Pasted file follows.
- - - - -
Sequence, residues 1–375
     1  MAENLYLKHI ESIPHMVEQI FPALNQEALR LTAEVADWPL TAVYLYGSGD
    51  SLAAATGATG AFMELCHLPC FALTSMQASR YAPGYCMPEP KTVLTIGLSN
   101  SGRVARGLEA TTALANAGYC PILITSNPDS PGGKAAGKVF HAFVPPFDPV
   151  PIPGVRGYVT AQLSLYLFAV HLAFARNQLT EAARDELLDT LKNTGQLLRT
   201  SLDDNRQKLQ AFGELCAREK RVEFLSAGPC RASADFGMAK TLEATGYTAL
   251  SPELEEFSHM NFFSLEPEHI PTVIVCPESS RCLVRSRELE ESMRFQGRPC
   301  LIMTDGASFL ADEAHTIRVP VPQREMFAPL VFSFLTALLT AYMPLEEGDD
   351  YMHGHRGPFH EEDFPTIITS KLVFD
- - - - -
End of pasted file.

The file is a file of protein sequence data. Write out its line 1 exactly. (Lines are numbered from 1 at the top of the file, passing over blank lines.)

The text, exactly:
Sequence, residues 1–375